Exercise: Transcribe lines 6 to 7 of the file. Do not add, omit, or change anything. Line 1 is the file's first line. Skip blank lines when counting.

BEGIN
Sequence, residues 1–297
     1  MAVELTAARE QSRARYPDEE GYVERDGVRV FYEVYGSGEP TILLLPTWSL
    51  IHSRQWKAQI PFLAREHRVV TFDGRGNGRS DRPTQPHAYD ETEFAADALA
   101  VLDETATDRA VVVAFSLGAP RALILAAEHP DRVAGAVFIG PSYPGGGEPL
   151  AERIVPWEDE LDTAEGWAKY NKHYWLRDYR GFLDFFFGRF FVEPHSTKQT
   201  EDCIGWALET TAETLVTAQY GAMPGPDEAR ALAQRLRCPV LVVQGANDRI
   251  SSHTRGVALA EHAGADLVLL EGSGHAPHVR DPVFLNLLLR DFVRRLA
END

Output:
   201  EDCIGWALET TAETLVTAQY GAMPGPDEAR ALAQRLRCPV LVVQGANDRI
   251  SSHTRGVALA EHAGADLVLL EGSGHAPHVR DPVFLNLLLR DFVRRLA